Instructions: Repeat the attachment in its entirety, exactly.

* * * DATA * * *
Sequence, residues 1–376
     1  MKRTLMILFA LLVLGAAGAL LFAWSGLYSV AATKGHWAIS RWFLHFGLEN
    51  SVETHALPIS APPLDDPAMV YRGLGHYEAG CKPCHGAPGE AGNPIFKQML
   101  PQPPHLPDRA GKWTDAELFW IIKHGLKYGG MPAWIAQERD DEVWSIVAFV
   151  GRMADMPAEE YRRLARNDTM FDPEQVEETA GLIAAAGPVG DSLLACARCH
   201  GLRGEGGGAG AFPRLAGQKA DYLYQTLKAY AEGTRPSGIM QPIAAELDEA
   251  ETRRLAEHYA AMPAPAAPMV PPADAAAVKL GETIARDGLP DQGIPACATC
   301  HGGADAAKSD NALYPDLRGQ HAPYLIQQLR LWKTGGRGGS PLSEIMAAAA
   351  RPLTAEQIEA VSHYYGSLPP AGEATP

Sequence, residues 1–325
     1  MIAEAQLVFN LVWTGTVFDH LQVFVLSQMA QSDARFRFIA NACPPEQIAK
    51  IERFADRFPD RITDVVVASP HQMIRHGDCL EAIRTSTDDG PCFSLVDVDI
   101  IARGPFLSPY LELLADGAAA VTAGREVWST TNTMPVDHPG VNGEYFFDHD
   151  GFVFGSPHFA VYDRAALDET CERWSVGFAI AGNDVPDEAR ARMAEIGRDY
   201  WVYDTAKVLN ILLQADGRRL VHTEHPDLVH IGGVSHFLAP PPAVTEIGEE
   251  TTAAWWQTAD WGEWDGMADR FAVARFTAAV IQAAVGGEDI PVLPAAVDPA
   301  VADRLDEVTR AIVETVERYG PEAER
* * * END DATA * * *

Sequence, residues 1–376
     1  MKRTLMILFA LLVLGAAGAL LFAWSGLYSV AATKGHWAIS RWFLHFGLEN
    51  SVETHALPIS APPLDDPAMV YRGLGHYEAG CKPCHGAPGE AGNPIFKQML
   101  PQPPHLPDRA GKWTDAELFW IIKHGLKYGG MPAWIAQERD DEVWSIVAFV
   151  GRMADMPAEE YRRLARNDTM FDPEQVEETA GLIAAAGPVG DSLLACARCH
   201  GLRGEGGGAG AFPRLAGQKA DYLYQTLKAY AEGTRPSGIM QPIAAELDEA
   251  ETRRLAEHYA AMPAPAAPMV PPADAAAVKL GETIARDGLP DQGIPACATC
   301  HGGADAAKSD NALYPDLRGQ HAPYLIQQLR LWKTGGRGGS PLSEIMAAAA
   351  RPLTAEQIEA VSHYYGSLPP AGEATP

Sequence, residues 1–325
     1  MIAEAQLVFN LVWTGTVFDH LQVFVLSQMA QSDARFRFIA NACPPEQIAK
    51  IERFADRFPD RITDVVVASP HQMIRHGDCL EAIRTSTDDG PCFSLVDVDI
   101  IARGPFLSPY LELLADGAAA VTAGREVWST TNTMPVDHPG VNGEYFFDHD
   151  GFVFGSPHFA VYDRAALDET CERWSVGFAI AGNDVPDEAR ARMAEIGRDY
   201  WVYDTAKVLN ILLQADGRRL VHTEHPDLVH IGGVSHFLAP PPAVTEIGEE
   251  TTAAWWQTAD WGEWDGMADR FAVARFTAAV IQAAVGGEDI PVLPAAVDPA
   301  VADRLDEVTR AIVETVERYG PEAER